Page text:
A small but exciting part of health care development
In Nepal, palliative care [PC] has only been recognised in recent years. In the past, terminally ill patients were often just left to die. There was little awareness amongst doctors how to treat these patients, or how to make their final days as comfortable as possible. There was very little understanding of their needs and hardly any support for the families who cared for them.
Nepal has now embraced palliative care services and a lot of progress has been made. For instance, thanks to NAPCare’s [Nepalese Association for Palliative Care] dedicated work, morphine is now commonly available for patients.
INF has been supporting palliative care for many years. But there was a big step change when God brought two specialists to Nepal in 2013, Dr Dan [UK], and Dr Ruth [Australia].
Training in how to care for terminally ill people has been given to community groups and churches. Green Pastures Hospital now has a dedicated room and a special Poor Fund for PC patients. A small community outreach service has recently started, where Purna, a PC worker will visit patients in their own homes and give specialist care and advice. Plans are underway to build a hospice in the hospital compound in the coming years. Based in Tansen, Manju is providing a PC service and training others.
How you can make a difference
By supporting this work you can help more Nepali people experience Christian compassion and love in their final days.
Palliative Care in Nepal – milestones
- 2000: the first hospice [private] was established
- 2009: Nepalese Association for Palliative Care [NAPCare] was registered
- 2013: Nepal’s government started sponsoring training courses delivered by NAPCare
- 2014: Nepal signed the 2014 World Health Assembly PC Declaration, agreeing to integrate PC into the health system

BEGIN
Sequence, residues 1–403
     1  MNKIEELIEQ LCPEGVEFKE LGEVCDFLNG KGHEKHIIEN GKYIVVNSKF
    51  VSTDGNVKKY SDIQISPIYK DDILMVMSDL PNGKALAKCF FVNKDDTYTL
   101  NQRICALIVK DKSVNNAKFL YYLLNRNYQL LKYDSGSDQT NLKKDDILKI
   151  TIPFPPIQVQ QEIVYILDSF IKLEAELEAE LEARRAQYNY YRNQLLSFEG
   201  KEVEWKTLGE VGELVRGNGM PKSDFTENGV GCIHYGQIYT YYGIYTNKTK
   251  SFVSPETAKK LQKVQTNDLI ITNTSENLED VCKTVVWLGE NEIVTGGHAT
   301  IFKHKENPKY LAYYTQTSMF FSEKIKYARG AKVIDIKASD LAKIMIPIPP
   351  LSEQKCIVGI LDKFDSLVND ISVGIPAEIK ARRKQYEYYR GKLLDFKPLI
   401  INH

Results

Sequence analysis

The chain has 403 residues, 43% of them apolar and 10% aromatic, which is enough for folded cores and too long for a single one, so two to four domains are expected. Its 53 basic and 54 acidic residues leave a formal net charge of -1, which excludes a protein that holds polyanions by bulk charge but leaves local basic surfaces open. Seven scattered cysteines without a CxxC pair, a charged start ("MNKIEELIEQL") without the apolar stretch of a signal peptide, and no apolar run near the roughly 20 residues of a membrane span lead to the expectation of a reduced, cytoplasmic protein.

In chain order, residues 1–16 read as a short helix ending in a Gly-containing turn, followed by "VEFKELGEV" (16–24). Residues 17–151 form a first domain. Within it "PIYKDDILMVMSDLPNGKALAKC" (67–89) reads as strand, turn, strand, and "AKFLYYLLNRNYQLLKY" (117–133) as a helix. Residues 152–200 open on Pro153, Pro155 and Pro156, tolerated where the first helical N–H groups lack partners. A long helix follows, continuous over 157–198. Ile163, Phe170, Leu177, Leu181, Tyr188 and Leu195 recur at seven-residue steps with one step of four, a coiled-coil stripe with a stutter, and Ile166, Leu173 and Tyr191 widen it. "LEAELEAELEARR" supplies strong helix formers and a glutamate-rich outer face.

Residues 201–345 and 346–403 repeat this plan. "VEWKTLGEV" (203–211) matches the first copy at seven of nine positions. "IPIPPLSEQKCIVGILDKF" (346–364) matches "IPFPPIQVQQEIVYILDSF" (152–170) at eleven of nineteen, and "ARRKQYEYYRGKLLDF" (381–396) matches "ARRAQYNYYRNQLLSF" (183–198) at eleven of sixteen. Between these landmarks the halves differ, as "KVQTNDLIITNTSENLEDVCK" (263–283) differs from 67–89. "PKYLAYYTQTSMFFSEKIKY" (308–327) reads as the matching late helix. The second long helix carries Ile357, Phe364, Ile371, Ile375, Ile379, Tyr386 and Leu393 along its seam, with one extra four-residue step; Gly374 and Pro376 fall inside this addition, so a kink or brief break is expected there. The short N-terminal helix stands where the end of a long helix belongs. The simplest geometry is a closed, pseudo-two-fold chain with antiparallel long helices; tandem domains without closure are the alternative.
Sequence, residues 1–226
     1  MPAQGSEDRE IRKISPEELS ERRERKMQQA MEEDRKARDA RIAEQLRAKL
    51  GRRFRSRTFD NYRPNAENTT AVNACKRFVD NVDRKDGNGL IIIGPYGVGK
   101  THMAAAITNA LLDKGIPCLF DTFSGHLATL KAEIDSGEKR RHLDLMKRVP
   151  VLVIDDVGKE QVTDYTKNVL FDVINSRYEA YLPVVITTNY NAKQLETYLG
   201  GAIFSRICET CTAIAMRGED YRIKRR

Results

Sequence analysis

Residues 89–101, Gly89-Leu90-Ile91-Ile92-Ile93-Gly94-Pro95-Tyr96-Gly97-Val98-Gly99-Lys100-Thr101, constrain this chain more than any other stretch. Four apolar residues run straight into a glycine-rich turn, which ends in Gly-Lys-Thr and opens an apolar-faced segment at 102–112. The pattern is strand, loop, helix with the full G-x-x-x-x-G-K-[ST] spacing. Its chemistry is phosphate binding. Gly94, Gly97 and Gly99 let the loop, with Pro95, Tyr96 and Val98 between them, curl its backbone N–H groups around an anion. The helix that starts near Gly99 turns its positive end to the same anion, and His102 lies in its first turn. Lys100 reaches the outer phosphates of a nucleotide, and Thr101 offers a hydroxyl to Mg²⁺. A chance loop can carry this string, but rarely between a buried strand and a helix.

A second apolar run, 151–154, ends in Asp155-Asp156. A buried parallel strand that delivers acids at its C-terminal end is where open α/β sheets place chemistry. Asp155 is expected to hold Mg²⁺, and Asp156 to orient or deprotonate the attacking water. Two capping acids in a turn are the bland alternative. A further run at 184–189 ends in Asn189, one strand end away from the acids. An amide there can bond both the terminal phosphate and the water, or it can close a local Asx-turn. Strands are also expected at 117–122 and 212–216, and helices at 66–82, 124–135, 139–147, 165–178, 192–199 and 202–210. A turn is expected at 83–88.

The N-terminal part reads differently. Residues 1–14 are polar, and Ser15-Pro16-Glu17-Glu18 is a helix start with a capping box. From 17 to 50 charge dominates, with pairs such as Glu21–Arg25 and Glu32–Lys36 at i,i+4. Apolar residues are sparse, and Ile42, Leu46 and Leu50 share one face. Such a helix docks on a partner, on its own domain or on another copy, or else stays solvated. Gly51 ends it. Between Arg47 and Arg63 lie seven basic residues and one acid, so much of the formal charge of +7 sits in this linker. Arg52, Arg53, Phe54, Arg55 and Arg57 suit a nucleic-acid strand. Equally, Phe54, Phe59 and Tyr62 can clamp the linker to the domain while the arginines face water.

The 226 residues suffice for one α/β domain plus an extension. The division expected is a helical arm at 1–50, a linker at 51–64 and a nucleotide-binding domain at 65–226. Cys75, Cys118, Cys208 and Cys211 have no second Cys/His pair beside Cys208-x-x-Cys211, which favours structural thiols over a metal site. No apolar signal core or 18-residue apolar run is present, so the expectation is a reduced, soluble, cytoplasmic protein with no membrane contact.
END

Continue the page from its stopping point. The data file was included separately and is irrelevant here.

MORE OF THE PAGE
- 2016: the first Nepali PC specialist returned from training in the UK
- 2016: NAPCare led the development of a National Strategy supported by other stakeholders including the government, World Health Organisation and international colleagues
- 2017: the Ministry of Health formally adopted the strategy
What is palliative care?
Palliative care means providing holistic care for people at very difficult stages of their life. It recognises the importance of providing both physical and spiritual care to those with life-limiting illnesses. When physical symptoms and pain are not properly managed, patients can find it difficult to deal with the important issues they face at the end of their lives.
Life-limiting illnesses such as cancer, neurological diseases like Motor Neurone disease, and other end-stage diseases affecting heart, lungs or kidneys require holistic care. Families also need support and care during both the caring phase and bereavement.
Palliative Care in Nepal
In Nepal, palliative care first started about 15 years ago, with limited hospices and hospital services provided in Kathmandu.
Palliative Care in Nepal is developing, but it is mainly available around Kathmandu. The vision is for people to have this type of specialist care wherever they live, and so INF is helping develop much-needed palliative care services in other areas of Nepal.